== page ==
Why TikTok Made Me Hate Teenagers
Jan 2021 - 4 Min read

Why TikTok Made Me Hate Teenagers

Hey Bin Writer Progressive Millennial

The social media app has turned adolescents into millionaires, filling me with resentment as I look for my own break. 

Charli D’Amelio. Ever heard of her? Chances are, if you were born before 1997, probably not. If it weren’t for my time as a high school substitute teacher, I’d have idea who she was. 

Basically, she’s a millionaire, social media icon and one of the hottest names in pop culture right now. And all it took was one viral video. 

In June of 2019, D’Amelio posted a video dancing alongside her friend on TikTok, the social media platform created for short music, comedy and talent videos. Within 24 hours, the video had more than one million views. Since then, she’s amassed a following of around 100 million followers on the app

In addition to her growing popularity, she has a net worth of $4 million, making her second in Forbes list of highest-earning TikTok “stars.” (I refuse to seriously call anyone who gets famous via Tiktok a “star.”) 

If you Google her name, she’s defined as an “American dancer” but her style isn’t something you’d see on So You Think You Can Dance—it’s not lyrical, contemporary or ballet. It’s mainly arm movements to popular hip-hop songs. Listen, if I can do these dances, that’s saying something. 

I’m aware I’m publicly hating a 16-year-old, but as someone working towards a career in entertainment, it’s frustrating to watch someone get everything you want overnight for dancing to “It Wasn’t Me” by Shaggy. But congrats to Shaggy for making a comeback. 

It’s no secret making it in the entertainment industry requires a bit of luck, but I wish that luck would have fallen on someone who works harder, someone who actually deserves it, like American Idol contestants…or me.

And all it took was one viral video.
Cell phone displaying Tik Tok app.

Let's Be Real: I Deserve Fame More Than She Does

Graffiti that says "stop making stupid people famous"

I’ve spent so much of the last five years sitting at open mics, waiting hours to get on stage to talk for three minutes. Do you know how many dick jokes I’ve had to listen to the past five years? More than anyone should. 

When I die, I’d like a log of all the hours I’ve spent at open mics, and how many emails I’ve sent to shows asking to perform. On second thought, I don’t want to know.

Because she has such a large following, major brands have reached out to D’Amelio to promote their products and services. Some brands have even collaborated with her, hoping to gain more exposure. I’ve complained to so many people about this, about how insane it is posting 15-second videos on an app and suddenly you’re the face of Jif. 

Why not me? I love peanut butter. 

Of course, there are those who disagree with me (pro tip: don’t say anything to upset Gen Zers, they’re terrifying), like my younger cousins, who idolize D’Amelio. She’s someone they aspire to be. (I was hoping for RBG or Greta Thunberg, but we can’t have everything.)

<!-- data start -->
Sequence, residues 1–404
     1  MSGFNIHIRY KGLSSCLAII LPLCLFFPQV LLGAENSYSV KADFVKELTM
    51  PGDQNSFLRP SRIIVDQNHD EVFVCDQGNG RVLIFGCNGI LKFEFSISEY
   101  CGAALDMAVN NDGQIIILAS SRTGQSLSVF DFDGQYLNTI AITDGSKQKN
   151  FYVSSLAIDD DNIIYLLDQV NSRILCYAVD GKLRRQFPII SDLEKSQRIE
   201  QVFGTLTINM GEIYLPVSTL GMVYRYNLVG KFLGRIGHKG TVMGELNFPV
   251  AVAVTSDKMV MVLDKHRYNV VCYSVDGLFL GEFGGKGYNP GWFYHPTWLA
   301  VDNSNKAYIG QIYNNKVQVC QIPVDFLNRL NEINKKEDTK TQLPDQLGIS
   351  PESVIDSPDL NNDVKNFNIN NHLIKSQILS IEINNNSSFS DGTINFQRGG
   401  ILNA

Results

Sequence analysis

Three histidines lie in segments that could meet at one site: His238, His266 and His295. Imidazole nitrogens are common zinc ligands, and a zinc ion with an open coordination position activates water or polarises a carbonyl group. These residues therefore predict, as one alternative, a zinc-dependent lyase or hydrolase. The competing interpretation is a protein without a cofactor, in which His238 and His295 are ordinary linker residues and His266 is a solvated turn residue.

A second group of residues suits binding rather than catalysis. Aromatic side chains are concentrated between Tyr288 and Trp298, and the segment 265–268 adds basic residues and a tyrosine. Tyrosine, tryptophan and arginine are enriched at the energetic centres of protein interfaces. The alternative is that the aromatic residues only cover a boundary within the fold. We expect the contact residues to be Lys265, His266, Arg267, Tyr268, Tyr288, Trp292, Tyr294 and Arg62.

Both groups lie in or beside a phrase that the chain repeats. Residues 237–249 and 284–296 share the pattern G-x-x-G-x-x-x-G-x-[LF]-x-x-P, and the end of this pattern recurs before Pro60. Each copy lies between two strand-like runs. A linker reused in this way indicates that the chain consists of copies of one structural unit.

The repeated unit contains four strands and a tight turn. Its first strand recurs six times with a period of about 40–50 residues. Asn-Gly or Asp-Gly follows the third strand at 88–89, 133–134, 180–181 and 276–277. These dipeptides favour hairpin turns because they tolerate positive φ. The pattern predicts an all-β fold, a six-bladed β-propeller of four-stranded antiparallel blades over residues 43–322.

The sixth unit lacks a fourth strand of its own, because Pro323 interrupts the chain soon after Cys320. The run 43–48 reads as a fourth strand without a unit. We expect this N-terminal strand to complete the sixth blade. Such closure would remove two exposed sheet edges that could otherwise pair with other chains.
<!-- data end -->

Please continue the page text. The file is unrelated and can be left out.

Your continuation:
D’Amelio’s even famous enough to have tabloids reporting on her. The New York Post recently released an article discussing the influencer’s loss of one million followers after she received backlash from a YouTube video. Why is this news? There are people dying. Apparently, her fans perceived her behavior in the video as “bratty and ungrateful.” She responded by giving a teary apology on her Instagram. I want millions of people to think I’m bratty and ungrateful! I deserve it more than she does! 

She recently tweeted showing off her new hair, which got more than 25,000 likes. I consistently tweet jokes I wrote and average around 20 likes. Maybe I should be tweeting more about my hair?

I know I’m really picking on D’Amelio, but she’s not the only creator who’s gained popularity from the app. There are several users who produce content similar to D’Amelio, like Addison Rae, a 20-year-old with more than 70 million followers. 

In a recent YouTube interview, Rae says she puts a lot of thought and effort into her videos. She posted a ten-second video lip-syncing to Drake, wrinkling her nose and pouting her lips. Anyone want to guess how many views it got? 

3.2 million. 

I’m sorry, what?

Why not me?
Woman with paper bag with drawn-on frowning face over her head.

Today’s TikTok Stars Were in the Right Place at the Right Time

Woman performing stand-up comedy.

I guess when you have millions of followers who adore you, you can post anything you want, but if all it takes is posting a video of a silly face, why aren’t we all social media icons? I make plenty of silly faces and haven’t earned a single dollar for it.  

I did post one of my standup clips that got more than 500,000 views, but I got more comments telling me I wasn’t funny and that all women do is talk about sex. It wasn’t my favorite thing I’ve ever heard, but it wasn’t my least favorite. Of course, not everyone on TikTok is the same. I’ve seen plenty of videos I really enjoy, but most of the creators don’t get the recognition they deserve. Let’s all give up and start dancing to Shaggy. That seems to be the ticket in. 

Long story short, D’Amelio and Rae are examples of being in the right place at the right time. They’re cute and likeable, teenagers who boys want to date and girls want to be. Will their success last forever? Who knows? Do I hope they’ll have to get real jobs someday and put “TikToker” on their resume?


Moral of the story: Stay off TikTok unless your dreams have already come true. Now if anyone needs me, I’ll be begging bookers for a spot on their show.

Hey Bin Writer Progressive Millennial

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